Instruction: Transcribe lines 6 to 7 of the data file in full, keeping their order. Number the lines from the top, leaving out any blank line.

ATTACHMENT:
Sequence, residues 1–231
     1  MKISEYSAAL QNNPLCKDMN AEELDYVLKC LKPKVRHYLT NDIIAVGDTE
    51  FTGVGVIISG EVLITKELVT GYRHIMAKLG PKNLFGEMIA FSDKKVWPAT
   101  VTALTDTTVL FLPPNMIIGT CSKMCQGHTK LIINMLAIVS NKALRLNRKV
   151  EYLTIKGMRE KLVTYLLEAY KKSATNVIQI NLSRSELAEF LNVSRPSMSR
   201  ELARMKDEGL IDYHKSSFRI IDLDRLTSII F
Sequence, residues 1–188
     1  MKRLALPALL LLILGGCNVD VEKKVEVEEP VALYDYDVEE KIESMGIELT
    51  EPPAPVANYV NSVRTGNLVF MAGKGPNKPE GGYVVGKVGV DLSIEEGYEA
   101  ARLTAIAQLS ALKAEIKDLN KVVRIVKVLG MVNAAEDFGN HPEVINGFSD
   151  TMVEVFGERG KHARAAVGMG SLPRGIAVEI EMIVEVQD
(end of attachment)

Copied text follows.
   201  ELARMKDEGL IDYHKSSFRI IDLDRLTSII F
Sequence, residues 1–188